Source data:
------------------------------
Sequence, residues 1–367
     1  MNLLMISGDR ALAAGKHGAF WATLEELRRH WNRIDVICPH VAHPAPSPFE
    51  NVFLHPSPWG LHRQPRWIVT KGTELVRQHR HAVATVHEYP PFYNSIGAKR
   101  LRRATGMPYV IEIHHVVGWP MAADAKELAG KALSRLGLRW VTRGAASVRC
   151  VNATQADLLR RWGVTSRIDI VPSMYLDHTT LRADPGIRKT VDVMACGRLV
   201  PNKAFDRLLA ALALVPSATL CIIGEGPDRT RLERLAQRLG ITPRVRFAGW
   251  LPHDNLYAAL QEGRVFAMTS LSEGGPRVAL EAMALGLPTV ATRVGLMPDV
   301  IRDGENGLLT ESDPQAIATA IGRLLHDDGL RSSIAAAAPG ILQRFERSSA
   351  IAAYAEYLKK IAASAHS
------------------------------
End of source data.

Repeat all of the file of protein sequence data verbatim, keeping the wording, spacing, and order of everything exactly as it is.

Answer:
Sequence, residues 1–367
     1  MNLLMISGDR ALAAGKHGAF WATLEELRRH WNRIDVICPH VAHPAPSPFE
    51  NVFLHPSPWG LHRQPRWIVT KGTELVRQHR HAVATVHEYP PFYNSIGAKR
   101  LRRATGMPYV IEIHHVVGWP MAADAKELAG KALSRLGLRW VTRGAASVRC
   151  VNATQADLLR RWGVTSRIDI VPSMYLDHTT LRADPGIRKT VDVMACGRLV
   201  PNKAFDRLLA ALALVPSATL CIIGEGPDRT RLERLAQRLG ITPRVRFAGW
   251  LPHDNLYAAL QEGRVFAMTS LSEGGPRVAL EAMALGLPTV ATRVGLMPDV
   301  IRDGENGLLT ESDPQAIATA IGRLLHDDGL RSSIAAAAPG ILQRFERSSA
   351  IAAYAEYLKK IAASAHS